One of the worst things that can happen to a software developer, and especially if they are a small firm or a single individual, is for their program to be falsely detected as malicious by popular AV solutions.
But these false positives can also be an unwelcome hindrance to many others, as end-users begin to wonder whether they should continue using the program (or their security solution prevents them from doing so), IT support teams get flooded with users’ requests saying there’s a problem with the software, and AV makers’ reputation takes a hit.
“Nowadays antivirus vendors are increasingly required to become more proactive, this includes developing generic signatures and heuristic flags, which very often leads to mistaken detections in an effort to have a more secure user-base,” VirusTotal software engineer Emiliano Martinez explained the origin of the problem in a recent blog post, in which he also announced a new project that aims to minimize – if not remove altogether – this problem.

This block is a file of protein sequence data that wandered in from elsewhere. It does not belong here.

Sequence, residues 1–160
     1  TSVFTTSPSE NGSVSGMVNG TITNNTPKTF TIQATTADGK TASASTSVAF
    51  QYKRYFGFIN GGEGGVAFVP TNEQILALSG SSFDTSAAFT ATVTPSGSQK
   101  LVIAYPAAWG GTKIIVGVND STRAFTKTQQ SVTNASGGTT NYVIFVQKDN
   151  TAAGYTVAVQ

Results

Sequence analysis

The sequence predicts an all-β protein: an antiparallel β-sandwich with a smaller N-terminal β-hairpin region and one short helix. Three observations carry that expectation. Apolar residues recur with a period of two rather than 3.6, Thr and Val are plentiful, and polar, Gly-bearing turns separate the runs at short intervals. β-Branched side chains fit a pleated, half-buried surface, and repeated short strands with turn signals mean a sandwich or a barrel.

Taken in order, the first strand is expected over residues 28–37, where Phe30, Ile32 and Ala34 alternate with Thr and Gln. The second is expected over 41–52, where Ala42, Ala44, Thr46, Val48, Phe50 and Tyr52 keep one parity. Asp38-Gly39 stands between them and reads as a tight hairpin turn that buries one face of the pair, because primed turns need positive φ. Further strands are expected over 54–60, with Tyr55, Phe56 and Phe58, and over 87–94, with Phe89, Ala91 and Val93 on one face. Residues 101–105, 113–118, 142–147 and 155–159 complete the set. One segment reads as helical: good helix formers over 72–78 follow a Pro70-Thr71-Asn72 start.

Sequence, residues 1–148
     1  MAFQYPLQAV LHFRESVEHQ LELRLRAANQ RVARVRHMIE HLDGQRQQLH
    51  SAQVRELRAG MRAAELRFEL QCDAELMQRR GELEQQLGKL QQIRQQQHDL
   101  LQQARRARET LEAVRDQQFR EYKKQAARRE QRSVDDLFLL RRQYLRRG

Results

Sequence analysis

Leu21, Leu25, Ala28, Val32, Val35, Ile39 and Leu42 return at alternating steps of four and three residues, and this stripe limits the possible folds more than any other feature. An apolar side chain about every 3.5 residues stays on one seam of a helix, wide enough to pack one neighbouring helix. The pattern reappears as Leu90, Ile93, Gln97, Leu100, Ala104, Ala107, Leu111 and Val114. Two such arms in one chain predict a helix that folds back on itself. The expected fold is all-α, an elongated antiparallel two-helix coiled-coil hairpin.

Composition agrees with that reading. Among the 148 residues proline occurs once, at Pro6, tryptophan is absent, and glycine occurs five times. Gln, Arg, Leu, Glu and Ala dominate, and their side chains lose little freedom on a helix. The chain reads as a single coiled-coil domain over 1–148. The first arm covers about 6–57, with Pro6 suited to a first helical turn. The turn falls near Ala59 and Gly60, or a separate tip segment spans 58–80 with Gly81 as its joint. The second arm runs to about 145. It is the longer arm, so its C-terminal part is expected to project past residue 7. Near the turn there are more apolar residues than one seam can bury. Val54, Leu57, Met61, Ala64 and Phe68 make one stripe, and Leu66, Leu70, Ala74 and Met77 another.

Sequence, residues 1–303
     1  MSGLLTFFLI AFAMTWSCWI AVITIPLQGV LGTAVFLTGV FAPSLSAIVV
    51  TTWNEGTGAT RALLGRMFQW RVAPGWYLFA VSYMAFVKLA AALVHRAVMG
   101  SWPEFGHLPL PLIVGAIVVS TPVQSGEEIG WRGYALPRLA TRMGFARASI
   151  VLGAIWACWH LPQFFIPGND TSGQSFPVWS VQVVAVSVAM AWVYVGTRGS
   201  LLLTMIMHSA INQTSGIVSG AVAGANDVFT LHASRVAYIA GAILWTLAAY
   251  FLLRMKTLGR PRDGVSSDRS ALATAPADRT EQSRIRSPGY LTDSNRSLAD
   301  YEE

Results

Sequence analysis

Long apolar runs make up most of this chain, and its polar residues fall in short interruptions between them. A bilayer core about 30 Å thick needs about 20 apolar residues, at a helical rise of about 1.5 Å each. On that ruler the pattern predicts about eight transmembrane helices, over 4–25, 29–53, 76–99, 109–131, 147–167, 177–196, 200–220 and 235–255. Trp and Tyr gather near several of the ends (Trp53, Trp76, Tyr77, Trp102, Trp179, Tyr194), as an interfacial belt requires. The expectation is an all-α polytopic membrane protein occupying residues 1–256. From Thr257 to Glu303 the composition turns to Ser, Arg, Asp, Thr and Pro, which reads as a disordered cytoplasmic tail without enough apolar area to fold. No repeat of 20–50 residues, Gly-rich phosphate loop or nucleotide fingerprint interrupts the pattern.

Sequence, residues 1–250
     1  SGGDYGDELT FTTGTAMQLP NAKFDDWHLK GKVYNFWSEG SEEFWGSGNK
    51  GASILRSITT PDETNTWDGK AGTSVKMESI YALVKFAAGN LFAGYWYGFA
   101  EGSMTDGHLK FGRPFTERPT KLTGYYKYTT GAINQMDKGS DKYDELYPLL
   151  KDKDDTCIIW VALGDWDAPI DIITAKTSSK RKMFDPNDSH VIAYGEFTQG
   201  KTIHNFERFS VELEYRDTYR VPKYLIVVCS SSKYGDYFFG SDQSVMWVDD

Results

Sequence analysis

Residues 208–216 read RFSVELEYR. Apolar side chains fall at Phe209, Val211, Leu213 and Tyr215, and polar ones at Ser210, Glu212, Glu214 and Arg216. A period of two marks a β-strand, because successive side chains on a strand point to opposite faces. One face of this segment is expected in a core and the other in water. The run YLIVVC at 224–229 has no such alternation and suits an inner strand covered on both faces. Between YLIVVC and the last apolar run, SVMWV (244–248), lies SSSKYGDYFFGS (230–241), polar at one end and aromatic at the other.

VirusTotal essentially want to create a huge AV whitelist, and is asking software developers to share the files in their software catalogue.
“These files are then marked accordingly at VirusTotal and whenever an antivirus solution (mistakenly) detects them, we notify the pertinent vendor, allowing them to quickly correct the false positive,” he shared. “Additionally, when files get distributed to antivirus vendors, they are tagged so that potential erroneous flags can be ignored, preventing a snowball effect with detection ratios.”
So each time a VirusTotal report on a particular file sports the following note, you can be sure that the file isn’t malicious:
Microsoft is the first company that took up their offer, and so far over 6000 false positives have been fixed.
Other software developers are invited to contribute to the project, but developers of potentially unwanted applications and adware need not apply.